Yes I can!

Motivating yourself or imagining yourself beating your own record improves athletic performance, but this system can be applied to many other areas of our lives.

The principle of "healthy mind in healthy body" could be complemented with that of "confident mind, healthier body", according to the latest research on positive psychological preparation applied to sport, the results of which could also be extrapolated to other areas of personal life.

Thinking "I can do better" can actually improve the physical performance of the person who thinks that, according to a paper published in the journal 'Frontiers in Psychology', aimed at identifying which are the most effective motivational techniques.

The researchers found that people who used self-talk, mentally repeating phrases such as "I can do better next time", played better than those who did not apply this method. The greatest improvements in performance were observed when participants mentally repeated “I can beat my own mark” or “I can react faster this time”, or imagined themselves playing and beating their own mark, or playing and reacting more faster than last time.

The performance of the participants improved when previously viewing motivational videos, in which they received suggestions from an Olympic champion, who recommended mental preparation along with physical training.


Another study from the Department of Sports Sciences at the University of Freiburg, Germany, shows that people benefit more from physical exercise and increase their well-being when they believe that this activity will have a positive effect on them. People can be positively influenced when it comes to exercise before doing it.

For the clinical psychologist and body therapist Margarita García Marqués, these studies are one more demonstration of the great power that a person's beliefs have in their own life, and their conclusions regarding the influence of a positive mental attitude “can be applied to other facets of existence. Thinking about a goal is the first step on the road to action, and when you have a positive belief or thought toward it, it is much easier to achieve it. When the belief is negative, it pulls the person back psychologically ”, explains García Marqués.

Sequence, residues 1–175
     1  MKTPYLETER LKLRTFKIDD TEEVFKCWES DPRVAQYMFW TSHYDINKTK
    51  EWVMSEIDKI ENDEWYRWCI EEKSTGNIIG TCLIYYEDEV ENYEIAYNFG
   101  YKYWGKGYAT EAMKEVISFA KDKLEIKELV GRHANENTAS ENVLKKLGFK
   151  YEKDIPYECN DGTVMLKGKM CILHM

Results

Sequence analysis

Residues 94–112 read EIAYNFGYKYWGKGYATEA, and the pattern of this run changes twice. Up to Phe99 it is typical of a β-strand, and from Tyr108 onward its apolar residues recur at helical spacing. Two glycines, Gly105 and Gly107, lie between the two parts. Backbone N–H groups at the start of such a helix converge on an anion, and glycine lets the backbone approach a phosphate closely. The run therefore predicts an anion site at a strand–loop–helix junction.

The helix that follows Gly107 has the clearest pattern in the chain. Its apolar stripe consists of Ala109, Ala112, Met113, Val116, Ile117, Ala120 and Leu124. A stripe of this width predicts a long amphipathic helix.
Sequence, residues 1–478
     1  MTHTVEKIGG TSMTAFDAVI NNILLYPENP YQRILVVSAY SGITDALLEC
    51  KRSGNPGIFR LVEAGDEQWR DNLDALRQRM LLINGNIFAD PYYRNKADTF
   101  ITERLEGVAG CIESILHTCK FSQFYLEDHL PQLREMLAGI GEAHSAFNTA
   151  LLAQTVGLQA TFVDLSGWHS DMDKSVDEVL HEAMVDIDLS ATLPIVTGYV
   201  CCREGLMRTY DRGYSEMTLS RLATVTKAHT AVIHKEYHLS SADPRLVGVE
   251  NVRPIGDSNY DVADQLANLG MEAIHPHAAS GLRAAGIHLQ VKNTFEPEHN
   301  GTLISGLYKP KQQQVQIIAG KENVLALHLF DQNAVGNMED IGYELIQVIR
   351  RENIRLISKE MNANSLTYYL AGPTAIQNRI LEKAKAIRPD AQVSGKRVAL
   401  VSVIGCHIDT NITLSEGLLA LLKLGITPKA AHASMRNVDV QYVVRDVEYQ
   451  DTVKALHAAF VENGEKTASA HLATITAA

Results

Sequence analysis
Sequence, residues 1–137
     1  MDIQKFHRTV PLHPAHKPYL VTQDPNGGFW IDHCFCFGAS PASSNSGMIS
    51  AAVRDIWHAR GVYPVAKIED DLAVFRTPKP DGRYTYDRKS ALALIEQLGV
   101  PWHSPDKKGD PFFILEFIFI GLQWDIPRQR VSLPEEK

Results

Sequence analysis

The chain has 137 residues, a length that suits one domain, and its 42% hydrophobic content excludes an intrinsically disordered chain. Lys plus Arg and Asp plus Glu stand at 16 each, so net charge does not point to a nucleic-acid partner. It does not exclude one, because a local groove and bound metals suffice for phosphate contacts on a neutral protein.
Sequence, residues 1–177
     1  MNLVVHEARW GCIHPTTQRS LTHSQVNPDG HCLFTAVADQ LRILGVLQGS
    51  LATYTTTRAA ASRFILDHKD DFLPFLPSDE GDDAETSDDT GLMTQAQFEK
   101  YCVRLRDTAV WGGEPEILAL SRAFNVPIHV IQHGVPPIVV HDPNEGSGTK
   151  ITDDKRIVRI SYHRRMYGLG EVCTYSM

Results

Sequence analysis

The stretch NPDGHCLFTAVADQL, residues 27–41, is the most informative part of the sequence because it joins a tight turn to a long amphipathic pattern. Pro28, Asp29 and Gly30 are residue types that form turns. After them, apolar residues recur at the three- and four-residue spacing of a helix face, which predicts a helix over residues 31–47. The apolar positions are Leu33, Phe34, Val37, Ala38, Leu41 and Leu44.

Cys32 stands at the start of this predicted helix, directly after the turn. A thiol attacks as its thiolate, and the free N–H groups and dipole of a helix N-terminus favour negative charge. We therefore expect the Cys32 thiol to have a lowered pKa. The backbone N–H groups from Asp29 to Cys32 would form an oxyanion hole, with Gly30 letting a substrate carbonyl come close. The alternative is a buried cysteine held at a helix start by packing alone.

“Beliefs are forged in early childhood when parents and family encourage children by saying 'you can do it' or discourage them by saying 'you are not worth it or you are not useful', which is fixed in their unconscious and, throughout the life, implies that the individual has to put more or less effort to get things ”, according to García, for whom we say to ourselves 'yes, I can do it!', it helps and encourages us to persevere, to overcome difficulties and to try as many times as necessary to achieve the objective ”, he emphasizes.

When a person who believes that he can do something wrong or makes a mistake, interprets it as needing more practice to reach the goal, and then he continues practicing and working to acquire the necessary skill, points out this psychologist, who adds that "there are things that you have to practice them many times until you reach a point where they turn out well ”. On the other hand, those who believe that they 'cannot' blame their mistakes and failures on their being useless, unable or useless, and stop trying to remedy them and move forward, prematurely abandoning the effort to achieve their goal, often and ironically. , on numerous occasions when they are about to get it.

According to García Marqués, this phenomenon is something that occurs not only in sports, but also works at all levels of life, such as studies or work. "Beliefs also influence affections, because if someone feels worthy of being loved, they will attract more people or risk getting closer to who they are attracted to, but if they do not feel worthy of receiving love, they will do something to spoil the approach or the relationship or it will leave them before the slightest difficulty or verification that things are not as expected ”, he points out.

One of the aspects that we work through therapies and psychological games in a workshop called 'inner child' consists of recognizing the beliefs that we have acquired in childhood and that have a lot of power in our mind, because they are what lead us to feel that we can or not getting something, and they can limit our life if they are negative.



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